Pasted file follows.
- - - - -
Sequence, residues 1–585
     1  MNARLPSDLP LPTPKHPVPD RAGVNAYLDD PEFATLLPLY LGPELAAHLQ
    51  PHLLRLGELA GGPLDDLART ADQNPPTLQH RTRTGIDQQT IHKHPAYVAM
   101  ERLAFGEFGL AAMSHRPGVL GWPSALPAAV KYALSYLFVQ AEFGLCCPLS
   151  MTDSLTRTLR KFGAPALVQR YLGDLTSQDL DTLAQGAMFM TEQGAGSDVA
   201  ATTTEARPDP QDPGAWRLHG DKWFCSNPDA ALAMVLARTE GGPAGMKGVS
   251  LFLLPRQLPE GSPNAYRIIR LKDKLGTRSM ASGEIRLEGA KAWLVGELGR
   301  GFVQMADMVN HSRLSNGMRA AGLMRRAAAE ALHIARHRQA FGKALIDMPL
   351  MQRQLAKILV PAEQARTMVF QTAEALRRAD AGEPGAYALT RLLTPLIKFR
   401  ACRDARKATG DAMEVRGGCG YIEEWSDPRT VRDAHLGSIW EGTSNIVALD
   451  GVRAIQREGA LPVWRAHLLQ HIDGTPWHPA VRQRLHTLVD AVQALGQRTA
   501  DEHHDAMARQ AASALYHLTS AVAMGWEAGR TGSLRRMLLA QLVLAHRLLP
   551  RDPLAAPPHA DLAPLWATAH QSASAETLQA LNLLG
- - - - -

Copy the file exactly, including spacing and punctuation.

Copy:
Sequence, residues 1–585
     1  MNARLPSDLP LPTPKHPVPD RAGVNAYLDD PEFATLLPLY LGPELAAHLQ
    51  PHLLRLGELA GGPLDDLART ADQNPPTLQH RTRTGIDQQT IHKHPAYVAM
   101  ERLAFGEFGL AAMSHRPGVL GWPSALPAAV KYALSYLFVQ AEFGLCCPLS
   151  MTDSLTRTLR KFGAPALVQR YLGDLTSQDL DTLAQGAMFM TEQGAGSDVA
   201  ATTTEARPDP QDPGAWRLHG DKWFCSNPDA ALAMVLARTE GGPAGMKGVS
   251  LFLLPRQLPE GSPNAYRIIR LKDKLGTRSM ASGEIRLEGA KAWLVGELGR
   301  GFVQMADMVN HSRLSNGMRA AGLMRRAAAE ALHIARHRQA FGKALIDMPL
   351  MQRQLAKILV PAEQARTMVF QTAEALRRAD AGEPGAYALT RLLTPLIKFR
   401  ACRDARKATG DAMEVRGGCG YIEEWSDPRT VRDAHLGSIW EGTSNIVALD
   451  GVRAIQREGA LPVWRAHLLQ HIDGTPWHPA VRQRLHTLVD AVQALGQRTA
   501  DEHHDAMARQ AASALYHLTS AVAMGWEAGR TGSLRRMLLA QLVLAHRLLP
   551  RDPLAAPPHA DLAPLWATAH QSASAETLQA LNLLG